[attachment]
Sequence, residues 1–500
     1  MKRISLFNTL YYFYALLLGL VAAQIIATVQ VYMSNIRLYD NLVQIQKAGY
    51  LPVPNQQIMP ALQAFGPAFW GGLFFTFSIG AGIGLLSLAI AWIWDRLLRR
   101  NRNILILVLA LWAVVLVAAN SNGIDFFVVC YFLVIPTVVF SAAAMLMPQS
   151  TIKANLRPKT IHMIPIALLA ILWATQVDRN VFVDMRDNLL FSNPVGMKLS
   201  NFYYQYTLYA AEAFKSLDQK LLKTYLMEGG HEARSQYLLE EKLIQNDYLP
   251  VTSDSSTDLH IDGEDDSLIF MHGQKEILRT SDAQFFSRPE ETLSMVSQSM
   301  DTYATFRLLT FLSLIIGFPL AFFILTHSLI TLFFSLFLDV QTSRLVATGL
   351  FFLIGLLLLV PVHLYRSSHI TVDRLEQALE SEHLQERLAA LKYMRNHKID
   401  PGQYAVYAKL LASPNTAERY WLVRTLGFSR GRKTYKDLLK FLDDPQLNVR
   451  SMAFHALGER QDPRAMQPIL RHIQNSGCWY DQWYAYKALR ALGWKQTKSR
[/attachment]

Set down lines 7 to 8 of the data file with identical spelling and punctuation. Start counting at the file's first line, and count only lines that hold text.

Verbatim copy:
   251  VTSDSSTDLH IDGEDDSLIF MHGQKEILRT SDAQFFSRPE ETLSMVSQSM
   301  DTYATFRLLT FLSLIIGFPL AFFILTHSLI TLFFSLFLDV QTSRLVATGL